July Roundup

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Jul 302010
 

July was a busy month here at Cover Me. How busy? Let’s put it in some perspective. Last July we wrote 11 posts. This July? 46. Not too shabby. With things coming so fast though, it can be easy to miss something cool. So once a month we round up some of the month’s most popular posts, plus a few personal favorites. We’ve got July’s best Features, News, Videos, Downloads, and Songs of the Day laid out below. See what you missed; see what you want to revisit; see what you want to tell your friends about (nudge!). Plus, don’t forget, only three days left to vote for what disco hit you want to hear the Peptides cover! It’s a tie as I write this, so start campaigning for your pick!

As always, feedback is appreciated. Drop a note in the comments below and let us know what you think about the site, the posts, or just the month of July in general. See you in August!

Features

Corey TuT Brings a Little Trent Reznor to Alanis Morissette’s “You Oughta Know” (Cover Me Premiere) | TuT wonders what Nine Inch Nail would sound like covering Alanis for the song you chose in June’s Cover Commissions. Answer: weird, rocking, amazing.
In the Spotlight: Allison Crowe
Five Good Covers: Love Will Tear Us Apart (Joy Division)
Under the Radar: edibleRed
Review: Amanda Palmer Performs the Popular Hits of Radiohead Continue reading »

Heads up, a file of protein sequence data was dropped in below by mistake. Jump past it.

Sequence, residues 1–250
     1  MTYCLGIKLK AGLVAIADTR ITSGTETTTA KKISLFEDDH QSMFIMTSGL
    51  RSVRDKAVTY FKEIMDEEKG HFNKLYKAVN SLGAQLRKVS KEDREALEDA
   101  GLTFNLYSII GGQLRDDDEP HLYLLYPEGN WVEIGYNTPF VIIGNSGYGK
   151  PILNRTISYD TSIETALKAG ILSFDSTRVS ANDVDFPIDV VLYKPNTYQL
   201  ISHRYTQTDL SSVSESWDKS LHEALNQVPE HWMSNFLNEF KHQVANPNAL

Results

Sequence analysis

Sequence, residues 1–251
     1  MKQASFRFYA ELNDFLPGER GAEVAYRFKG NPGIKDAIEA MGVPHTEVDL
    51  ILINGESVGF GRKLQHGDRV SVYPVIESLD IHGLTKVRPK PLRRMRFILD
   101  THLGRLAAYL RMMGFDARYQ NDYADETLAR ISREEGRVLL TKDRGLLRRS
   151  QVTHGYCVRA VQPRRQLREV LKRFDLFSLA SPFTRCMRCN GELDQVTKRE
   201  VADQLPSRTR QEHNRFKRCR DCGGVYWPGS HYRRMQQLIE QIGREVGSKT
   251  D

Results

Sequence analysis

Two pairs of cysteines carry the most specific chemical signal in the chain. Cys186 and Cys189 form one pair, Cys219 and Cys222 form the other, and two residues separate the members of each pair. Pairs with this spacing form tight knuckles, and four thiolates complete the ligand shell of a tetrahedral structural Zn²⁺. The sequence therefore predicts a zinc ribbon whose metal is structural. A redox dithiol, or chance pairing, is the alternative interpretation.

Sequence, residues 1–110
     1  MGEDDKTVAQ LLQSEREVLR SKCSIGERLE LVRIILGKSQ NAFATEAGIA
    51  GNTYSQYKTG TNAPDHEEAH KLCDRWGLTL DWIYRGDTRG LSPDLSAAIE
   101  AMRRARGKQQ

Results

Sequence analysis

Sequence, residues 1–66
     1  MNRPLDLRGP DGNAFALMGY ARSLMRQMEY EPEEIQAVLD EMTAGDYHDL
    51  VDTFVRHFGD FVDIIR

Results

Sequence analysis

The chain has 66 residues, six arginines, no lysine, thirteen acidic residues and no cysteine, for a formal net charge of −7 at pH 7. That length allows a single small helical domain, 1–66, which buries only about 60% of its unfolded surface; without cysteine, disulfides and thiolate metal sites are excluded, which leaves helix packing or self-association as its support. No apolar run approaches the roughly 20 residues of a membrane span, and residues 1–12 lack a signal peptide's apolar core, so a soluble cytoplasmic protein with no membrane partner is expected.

Jul 302010
 

A few weeks ago we saw Jack White and Dave Grohl cover Paul McCartney at the White House as a preview of the PBS special: Paul McCartney: The Library of Congress Gershwin Prize for Popular Song. The full special aired Wednesday night, but so far only two videos have hit the interweb. The first is Elvis Costello, who brings his froggy drawl to “Penny Lane” alongside a piccolo trumpet. A cute story about first hearing the song on the radio precedes the cover.

But Elvis Costello’s impressive-as-always performance isn’t the real story here. The Jonas Brothers take on “Drive My Car,” which will likely provoke outrage from anyone reading this. Prepare to be pleasantly surprised. Presumably invited to appease the Obama girls, they turn in a shockingly decent performance! Being accompanied by McCartney’s band surely helps, but their singing and playing doesn’t sound that far off the original. While ordinarily a carbon-copy cover would be a bad thing, I give the JoBros credit for even managing. Continue reading »

Jul 302010
 

Song of the Day posts one cool cover every morning. Catch up on past installments here.

2010 is only half over, but LCD Soundsystem’s new (and supposedly final) album This Is Happening is already being hailed as one of the year’s best. It got a 9.2 from Pitchfork – about as close to a perfect score as they give these days – and hit number one on Amazon.com’s midyear best-of list. Not bad for a frumpy 40-year old hipster writing songs about detachment.

With such love already pouring in, it’s no surprise the covers have begun arriving as well. First to catch our eye was See Green, who tackled the album’s second single, “I Can Change.” The ‘80s-throwback synths vanish in the wake of thudding drums, crunchy guitar riffs, and Courtenay Green’s grrrl-power vocals. The break where some guy starts shouting out random LCD song titles adds an endearingly quirky touch. Continue reading »

Jul 292010